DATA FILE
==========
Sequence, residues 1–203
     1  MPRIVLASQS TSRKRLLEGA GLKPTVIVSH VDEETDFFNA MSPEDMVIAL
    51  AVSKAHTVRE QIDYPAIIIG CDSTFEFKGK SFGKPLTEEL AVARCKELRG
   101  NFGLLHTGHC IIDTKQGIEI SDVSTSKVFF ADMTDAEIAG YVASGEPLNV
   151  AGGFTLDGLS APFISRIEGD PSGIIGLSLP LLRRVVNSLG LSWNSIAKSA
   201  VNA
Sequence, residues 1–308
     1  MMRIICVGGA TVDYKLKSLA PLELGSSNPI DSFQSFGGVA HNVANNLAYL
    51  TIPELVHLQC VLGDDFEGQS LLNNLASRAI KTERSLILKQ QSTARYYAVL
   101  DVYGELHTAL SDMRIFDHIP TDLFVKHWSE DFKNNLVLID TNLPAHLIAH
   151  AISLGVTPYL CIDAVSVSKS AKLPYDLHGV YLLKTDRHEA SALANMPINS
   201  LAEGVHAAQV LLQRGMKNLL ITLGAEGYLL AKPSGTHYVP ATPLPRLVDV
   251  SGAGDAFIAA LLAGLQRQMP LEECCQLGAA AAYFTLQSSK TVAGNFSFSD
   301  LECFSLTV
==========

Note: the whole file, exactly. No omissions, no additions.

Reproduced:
Sequence, residues 1–203
     1  MPRIVLASQS TSRKRLLEGA GLKPTVIVSH VDEETDFFNA MSPEDMVIAL
    51  AVSKAHTVRE QIDYPAIIIG CDSTFEFKGK SFGKPLTEEL AVARCKELRG
   101  NFGLLHTGHC IIDTKQGIEI SDVSTSKVFF ADMTDAEIAG YVASGEPLNV
   151  AGGFTLDGLS APFISRIEGD PSGIIGLSLP LLRRVVNSLG LSWNSIAKSA
   201  VNA
Sequence, residues 1–308
     1  MMRIICVGGA TVDYKLKSLA PLELGSSNPI DSFQSFGGVA HNVANNLAYL
    51  TIPELVHLQC VLGDDFEGQS LLNNLASRAI KTERSLILKQ QSTARYYAVL
   101  DVYGELHTAL SDMRIFDHIP TDLFVKHWSE DFKNNLVLID TNLPAHLIAH
   151  AISLGVTPYL CIDAVSVSKS AKLPYDLHGV YLLKTDRHEA SALANMPINS
   201  LAEGVHAAQV LLQRGMKNLL ITLGAEGYLL AKPSGTHYVP ATPLPRLVDV
   251  SGAGDAFIAA LLAGLQRQMP LEECCQLGAA AAYFTLQSSK TVAGNFSFSD
   301  LECFSLTV